What's Correction Territory for Stocks and How Long Does It Last?
The S&P 500 delivered 27 percent in 2021 and including dividends, almost doubled investors' money between 2019 and 2021. After a strong 2021, U.S. stocks have looked weak in 2022. The Nasdaq entered into a correction zone on Jan. 19. What's correction territory for stocks and how long does it last?
Analysts had tepid expectations from the markets in 2022 and even the best-case forecast called for just about 10 percent upside in the S&P 500. However, while markets started the year on a positive note and Apple became the first company to hit a $3 trillion market cap on the first trading day, stocks have looked weak.
What's correction territory in stocks?
Technically speaking, a fall of 10 percent–20 percent in any asset is termed as a correction. If the asset falls more than 20 percent from the peak, it's said to be in a bear market. The same terminology holds across all assets, including stocks, commodities, and cryptos.
Separately, a sudden swift fall in stocks is termed a crash. There isn’t any particular definition of a crash but usually, any sudden and unexpected fall in stocks is termed as a crash.
Stock market corrections are common.
Bear markets aren't as common and the most recent bear market was in the first quarter of 2020 when stocks plummeted amid the scare about the COVID-19 pandemic. However, corrections are quite common. For example, before the latest correction, Nasdaq witnessed a correction in 2021 as well.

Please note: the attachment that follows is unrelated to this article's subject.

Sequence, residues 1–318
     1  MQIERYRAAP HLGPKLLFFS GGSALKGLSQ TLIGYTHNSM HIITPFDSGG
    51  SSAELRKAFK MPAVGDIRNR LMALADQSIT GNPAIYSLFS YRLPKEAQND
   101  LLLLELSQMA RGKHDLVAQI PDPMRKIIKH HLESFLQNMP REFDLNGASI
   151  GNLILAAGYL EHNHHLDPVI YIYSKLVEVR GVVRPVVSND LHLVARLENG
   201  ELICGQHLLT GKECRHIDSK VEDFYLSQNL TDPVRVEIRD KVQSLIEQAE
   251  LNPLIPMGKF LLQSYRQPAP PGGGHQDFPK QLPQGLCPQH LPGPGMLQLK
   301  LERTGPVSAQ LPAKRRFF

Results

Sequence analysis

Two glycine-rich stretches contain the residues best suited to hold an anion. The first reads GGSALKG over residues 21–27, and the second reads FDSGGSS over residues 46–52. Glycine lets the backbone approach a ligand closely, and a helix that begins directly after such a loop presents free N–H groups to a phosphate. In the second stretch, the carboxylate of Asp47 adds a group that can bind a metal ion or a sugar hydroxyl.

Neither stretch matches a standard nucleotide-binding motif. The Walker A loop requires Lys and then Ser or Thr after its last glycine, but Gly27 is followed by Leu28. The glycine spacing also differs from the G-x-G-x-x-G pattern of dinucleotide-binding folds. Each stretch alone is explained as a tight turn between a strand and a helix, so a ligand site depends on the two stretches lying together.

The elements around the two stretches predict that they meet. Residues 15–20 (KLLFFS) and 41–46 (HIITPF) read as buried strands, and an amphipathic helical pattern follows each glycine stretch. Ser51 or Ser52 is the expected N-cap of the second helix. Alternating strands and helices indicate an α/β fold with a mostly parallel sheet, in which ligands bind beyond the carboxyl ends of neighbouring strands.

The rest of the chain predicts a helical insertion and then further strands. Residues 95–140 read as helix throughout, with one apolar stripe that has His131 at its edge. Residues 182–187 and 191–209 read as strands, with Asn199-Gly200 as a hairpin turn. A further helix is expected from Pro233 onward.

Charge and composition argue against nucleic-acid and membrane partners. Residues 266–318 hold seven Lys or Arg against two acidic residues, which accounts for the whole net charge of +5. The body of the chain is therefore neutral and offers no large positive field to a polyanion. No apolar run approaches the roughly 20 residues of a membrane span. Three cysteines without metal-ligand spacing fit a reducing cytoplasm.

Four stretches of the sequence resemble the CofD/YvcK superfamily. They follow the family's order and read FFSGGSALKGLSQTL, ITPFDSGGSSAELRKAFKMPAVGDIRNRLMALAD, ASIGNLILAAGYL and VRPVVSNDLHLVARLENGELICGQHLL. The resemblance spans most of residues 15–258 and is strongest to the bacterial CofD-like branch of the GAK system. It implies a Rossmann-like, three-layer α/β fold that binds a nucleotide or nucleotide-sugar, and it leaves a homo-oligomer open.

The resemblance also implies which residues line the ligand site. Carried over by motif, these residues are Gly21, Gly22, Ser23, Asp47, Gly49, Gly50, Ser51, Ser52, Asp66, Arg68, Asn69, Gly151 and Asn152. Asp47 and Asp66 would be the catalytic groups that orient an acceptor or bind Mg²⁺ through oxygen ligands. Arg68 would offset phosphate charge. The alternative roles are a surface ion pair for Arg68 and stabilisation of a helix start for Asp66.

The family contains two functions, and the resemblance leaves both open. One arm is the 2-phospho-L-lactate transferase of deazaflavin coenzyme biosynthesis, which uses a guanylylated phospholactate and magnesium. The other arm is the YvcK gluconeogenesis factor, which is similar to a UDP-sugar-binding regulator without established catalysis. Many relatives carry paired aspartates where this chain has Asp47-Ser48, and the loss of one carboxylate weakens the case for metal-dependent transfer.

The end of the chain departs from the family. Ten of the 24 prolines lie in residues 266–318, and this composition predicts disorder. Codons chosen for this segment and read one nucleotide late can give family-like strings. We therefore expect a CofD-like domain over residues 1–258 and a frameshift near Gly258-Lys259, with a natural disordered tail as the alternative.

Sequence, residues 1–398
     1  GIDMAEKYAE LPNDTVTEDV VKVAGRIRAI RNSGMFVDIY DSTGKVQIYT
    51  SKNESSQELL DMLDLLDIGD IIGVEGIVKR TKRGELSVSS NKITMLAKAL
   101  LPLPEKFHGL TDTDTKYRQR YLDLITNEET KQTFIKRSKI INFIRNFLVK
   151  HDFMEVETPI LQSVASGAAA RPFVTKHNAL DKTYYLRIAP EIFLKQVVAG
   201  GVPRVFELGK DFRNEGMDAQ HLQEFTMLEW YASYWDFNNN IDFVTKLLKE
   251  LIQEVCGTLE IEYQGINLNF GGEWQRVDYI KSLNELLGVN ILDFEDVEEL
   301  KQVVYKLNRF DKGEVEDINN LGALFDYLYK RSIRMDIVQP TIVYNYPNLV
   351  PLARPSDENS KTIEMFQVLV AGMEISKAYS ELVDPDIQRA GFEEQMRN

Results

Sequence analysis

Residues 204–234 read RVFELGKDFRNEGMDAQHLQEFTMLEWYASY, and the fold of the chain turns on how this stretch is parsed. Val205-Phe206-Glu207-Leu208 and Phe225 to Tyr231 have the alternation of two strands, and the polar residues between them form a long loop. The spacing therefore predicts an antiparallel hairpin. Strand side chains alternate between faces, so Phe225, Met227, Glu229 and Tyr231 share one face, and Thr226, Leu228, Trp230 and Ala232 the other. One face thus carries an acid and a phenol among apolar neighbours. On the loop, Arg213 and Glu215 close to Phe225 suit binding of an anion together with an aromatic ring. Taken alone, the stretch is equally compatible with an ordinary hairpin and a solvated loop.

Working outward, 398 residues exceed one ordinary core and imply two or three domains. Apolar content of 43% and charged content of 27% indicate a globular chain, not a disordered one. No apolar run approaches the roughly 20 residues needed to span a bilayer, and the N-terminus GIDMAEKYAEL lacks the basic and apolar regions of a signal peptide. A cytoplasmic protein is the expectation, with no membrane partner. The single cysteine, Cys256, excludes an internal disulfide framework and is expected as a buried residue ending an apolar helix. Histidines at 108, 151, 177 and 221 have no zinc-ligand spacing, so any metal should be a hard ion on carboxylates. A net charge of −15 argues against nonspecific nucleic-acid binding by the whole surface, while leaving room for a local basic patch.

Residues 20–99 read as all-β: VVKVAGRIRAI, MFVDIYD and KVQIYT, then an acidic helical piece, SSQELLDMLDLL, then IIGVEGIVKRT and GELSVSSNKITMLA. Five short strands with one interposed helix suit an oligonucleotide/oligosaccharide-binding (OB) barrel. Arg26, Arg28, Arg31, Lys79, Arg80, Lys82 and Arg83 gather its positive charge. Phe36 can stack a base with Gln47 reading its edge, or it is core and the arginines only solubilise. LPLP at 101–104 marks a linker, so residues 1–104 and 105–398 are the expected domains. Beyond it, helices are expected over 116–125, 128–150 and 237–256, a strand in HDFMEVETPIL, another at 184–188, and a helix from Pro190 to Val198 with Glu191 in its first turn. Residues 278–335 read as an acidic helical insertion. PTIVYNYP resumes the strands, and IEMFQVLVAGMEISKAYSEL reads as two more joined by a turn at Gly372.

How long do corrections last?
According to the data compiled by CNBC, there have been 26 stock market corrections between 1946 and 2018. This would mean that on average, markets have corrected within three years. The average fall in these was 13.6 percent while recoveries took four months on average.
However, the distribution of these corrections isn't symmetric. In 2018, there were two stock market corrections in the U.S. As investors would recall, that was the time when former President Donald Trump’s trade war with China spooked investors.
Corrections can be healthy.
A correction in individual stocks is even more common. More often than not, a correction in stocks is termed as “healthy.” There are moments when the stock runs way too fast and moves ahead of its fundamental value. These intermittent corrections help stocks revert towards their fundamental value.
Think of it this way, if stocks don’t correct after a big rise, there's a big probability that they would enter into the bubble zone. The froth would keep on accumulating and might lead to a massive crash if there weren't these timely corrections.
Should you buy stocks in correction territory?
The corrections can be a good opportunity to buy quality stocks. If the stock's valuations look attractive after the correction, it would make perfect sense to buy it. However, it's worth noting that you shouldn't jump to buy a stock just because it's falling.
The correction might extend into a bear market and a structural derating of the stock. One of the most recent examples is what has been happening with Cathie Wood’s stocks. She has been loading up on her favorite names but they have proven to be “falling knifes.”
If you're convinced about the company's outlook, a correction might be a good buying opportunity.